The company behind the digital manga site JManga.com is working on plans to offer readers unlimited access, for a limited time, to individual chapters of a wide variety of new and older manga. The site, which has not yet been named, will launch with 20 titles. Access would be free, but for a subscription fee, users will be able to access material faster and possibly avoid ads.
JManga.com is run by a company known as JManga Co., Ltd., which is backed by the Digital Comics Association, a group of 39 Japanese publishers. The current site allows readers to purchase manga a volume at a time and read it online. At the JManga panel at Comic-Con International in San DIego, business manager Robert Newman announced that JManga will soon offer iOS and Android apps as well. JManga.com currently has 376 volumes of manga available and is adding new titles at a rate of about ten a week. Among the new titles that Newman announced at the panel were “Comic Yuri Hime,” “Mythical Detective Loki,” and Yuichi Yokoyama’s “Garden.”
Also during the panel, Newman announced that JManga.com will offer series from the Japanese publisher Kodansha that were previously published in English by Tokyopop and Del Rey. While he did not name the titles, Newman said that several are still being serialized in Japan, meaning that readers will get new volumes of these older series. “We will actually be reworking some of the Tokyopop titles to correct some of the mistakes that have been discovered by readers,” he added.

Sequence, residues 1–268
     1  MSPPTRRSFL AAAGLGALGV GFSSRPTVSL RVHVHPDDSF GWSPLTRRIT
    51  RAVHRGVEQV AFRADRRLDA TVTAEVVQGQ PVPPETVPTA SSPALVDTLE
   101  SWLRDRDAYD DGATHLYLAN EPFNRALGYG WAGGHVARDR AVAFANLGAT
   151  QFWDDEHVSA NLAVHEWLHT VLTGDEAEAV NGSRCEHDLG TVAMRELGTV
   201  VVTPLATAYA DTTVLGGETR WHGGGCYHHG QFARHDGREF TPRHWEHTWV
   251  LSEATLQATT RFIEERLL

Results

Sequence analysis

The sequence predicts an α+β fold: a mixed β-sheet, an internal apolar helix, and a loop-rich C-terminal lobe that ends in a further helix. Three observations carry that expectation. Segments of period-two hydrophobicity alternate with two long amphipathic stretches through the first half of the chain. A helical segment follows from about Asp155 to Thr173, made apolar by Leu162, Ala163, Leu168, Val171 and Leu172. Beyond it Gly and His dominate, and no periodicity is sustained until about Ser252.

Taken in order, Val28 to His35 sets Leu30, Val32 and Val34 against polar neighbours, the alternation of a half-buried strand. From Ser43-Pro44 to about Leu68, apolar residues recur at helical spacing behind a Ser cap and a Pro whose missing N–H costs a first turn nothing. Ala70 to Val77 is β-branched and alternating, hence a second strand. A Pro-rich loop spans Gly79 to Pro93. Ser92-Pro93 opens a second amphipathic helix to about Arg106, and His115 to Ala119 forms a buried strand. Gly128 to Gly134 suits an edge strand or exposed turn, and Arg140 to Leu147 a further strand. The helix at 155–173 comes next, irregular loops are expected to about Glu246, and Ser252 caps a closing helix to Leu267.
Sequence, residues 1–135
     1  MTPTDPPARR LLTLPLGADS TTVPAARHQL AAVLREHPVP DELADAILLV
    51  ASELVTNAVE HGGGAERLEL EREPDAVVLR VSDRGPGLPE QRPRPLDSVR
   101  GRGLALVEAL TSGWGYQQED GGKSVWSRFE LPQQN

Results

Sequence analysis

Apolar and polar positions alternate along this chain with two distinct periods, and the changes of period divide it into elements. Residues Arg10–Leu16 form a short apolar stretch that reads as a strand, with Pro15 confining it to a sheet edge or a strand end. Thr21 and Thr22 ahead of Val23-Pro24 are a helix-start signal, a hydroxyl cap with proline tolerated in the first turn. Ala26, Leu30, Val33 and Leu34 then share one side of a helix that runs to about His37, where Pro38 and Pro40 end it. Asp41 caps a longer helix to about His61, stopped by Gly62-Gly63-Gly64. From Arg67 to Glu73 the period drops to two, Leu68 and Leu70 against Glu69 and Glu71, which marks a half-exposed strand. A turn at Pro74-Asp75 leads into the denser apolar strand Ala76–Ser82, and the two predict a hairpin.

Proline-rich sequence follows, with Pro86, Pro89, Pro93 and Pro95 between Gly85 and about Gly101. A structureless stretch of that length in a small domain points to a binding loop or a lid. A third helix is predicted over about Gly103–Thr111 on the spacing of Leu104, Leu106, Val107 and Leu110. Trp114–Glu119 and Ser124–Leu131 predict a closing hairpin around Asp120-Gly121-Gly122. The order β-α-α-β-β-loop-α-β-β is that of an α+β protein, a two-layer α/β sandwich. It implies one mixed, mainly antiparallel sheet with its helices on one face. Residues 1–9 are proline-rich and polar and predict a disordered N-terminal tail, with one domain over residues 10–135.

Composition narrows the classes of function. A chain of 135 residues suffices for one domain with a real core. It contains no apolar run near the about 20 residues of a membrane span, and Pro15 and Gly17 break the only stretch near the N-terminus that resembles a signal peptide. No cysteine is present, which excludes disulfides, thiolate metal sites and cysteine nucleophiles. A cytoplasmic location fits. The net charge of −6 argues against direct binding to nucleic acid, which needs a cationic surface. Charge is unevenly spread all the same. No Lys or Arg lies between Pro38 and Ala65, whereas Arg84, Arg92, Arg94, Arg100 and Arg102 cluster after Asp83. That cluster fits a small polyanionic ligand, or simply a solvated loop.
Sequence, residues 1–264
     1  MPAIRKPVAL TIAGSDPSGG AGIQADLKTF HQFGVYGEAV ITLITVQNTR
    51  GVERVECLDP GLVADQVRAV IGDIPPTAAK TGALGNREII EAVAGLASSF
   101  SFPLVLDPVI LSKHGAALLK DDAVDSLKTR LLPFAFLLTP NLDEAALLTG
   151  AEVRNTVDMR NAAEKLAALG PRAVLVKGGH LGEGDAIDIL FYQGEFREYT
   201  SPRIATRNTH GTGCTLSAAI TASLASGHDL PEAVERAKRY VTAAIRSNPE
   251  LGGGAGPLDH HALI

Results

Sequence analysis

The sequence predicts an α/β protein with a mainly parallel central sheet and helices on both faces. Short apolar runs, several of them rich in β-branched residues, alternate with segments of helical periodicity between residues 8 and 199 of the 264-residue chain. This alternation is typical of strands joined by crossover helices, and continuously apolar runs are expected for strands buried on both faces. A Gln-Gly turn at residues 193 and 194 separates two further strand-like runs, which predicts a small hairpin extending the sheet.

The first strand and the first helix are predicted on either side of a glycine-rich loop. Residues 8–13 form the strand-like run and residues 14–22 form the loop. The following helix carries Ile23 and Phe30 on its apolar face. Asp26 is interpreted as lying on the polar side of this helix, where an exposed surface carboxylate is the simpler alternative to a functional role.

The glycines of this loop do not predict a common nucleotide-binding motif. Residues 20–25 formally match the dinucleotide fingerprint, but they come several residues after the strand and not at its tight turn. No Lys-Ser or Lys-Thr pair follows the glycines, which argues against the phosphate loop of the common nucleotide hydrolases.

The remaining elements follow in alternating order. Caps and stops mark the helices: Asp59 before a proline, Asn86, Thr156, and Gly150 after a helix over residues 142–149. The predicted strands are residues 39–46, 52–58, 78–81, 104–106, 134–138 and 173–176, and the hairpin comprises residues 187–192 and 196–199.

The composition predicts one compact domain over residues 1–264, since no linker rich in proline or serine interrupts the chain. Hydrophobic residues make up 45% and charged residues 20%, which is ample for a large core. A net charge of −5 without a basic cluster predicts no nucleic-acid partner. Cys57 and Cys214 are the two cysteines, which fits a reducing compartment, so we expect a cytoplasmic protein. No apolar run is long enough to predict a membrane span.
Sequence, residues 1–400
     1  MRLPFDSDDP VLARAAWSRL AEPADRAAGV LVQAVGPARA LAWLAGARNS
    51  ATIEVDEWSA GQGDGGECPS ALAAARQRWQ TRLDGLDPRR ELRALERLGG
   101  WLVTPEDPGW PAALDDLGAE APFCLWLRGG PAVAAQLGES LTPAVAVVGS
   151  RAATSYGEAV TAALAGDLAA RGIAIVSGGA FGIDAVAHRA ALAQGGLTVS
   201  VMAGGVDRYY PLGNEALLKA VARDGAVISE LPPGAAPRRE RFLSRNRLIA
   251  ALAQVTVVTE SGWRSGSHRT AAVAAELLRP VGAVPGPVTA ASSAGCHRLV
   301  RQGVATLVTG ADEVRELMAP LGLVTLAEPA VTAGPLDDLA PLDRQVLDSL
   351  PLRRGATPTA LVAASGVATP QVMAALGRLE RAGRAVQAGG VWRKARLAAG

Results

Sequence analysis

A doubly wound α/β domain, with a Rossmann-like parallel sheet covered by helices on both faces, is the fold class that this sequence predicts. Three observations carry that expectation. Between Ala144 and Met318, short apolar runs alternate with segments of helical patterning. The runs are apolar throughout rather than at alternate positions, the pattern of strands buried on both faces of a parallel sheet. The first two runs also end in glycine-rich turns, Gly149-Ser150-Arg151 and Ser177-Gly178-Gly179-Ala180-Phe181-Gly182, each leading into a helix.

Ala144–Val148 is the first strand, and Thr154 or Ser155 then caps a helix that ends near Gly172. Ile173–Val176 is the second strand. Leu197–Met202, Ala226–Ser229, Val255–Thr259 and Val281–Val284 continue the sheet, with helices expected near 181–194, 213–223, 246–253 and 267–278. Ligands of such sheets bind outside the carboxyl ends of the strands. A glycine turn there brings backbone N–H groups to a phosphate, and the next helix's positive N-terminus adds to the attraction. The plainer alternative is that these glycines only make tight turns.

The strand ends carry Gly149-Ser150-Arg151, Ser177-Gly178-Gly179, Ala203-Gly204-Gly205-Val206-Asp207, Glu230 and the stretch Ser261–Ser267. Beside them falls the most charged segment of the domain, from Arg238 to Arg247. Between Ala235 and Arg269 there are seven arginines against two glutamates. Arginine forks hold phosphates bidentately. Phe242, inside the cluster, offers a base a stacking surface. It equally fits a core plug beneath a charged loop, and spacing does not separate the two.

Newman’s colleague Yae Sahashi then took the podium to introduce a manga translation competition sponsored by the Japanese Agency for Cultural Affairs. Contestants will choose from a number of manga, including one shoujo (girls’) title from Shueisha, one shonen (boys’) manga from Kodansha, and a seinen title. The judges include manga blogger Deb Aoki and translators William Flanagan and Jake Tarbox, and readers will be able to vote on the submissions as well.
After the panel, Newman gave CBR News an exclusive interview, discussing JManga’s plans for its new site that will allow readers unlimited access to manga in a number of different genres from a number of different publishers.
Some of the series will be new, Newman said, and will be released close to their Japanese release date; others will be older. In either case, they will be released one chapter at a time on the new site and then as collected editions on JManga.com. The mix of titles will include shonen and shoujo manga, with some high-profile series but a range of lesser-known manga as well. “The overall mission of JManga is to get out as wide a variety of manga as possible,” Newman said. “Really, the manga that has historically been licensed and released in America is just a very, very small percentage of what is actually available. So as JManga, we want to open up the average reader’s eyes to — you like this minute percentage [of manga], look at the rest of it.” The site will also include yuri (love stories between two women), yaoi (love stories between two men) and other manga targeted at adults, but because it is aimed at a general readership, it will not include adults-only content.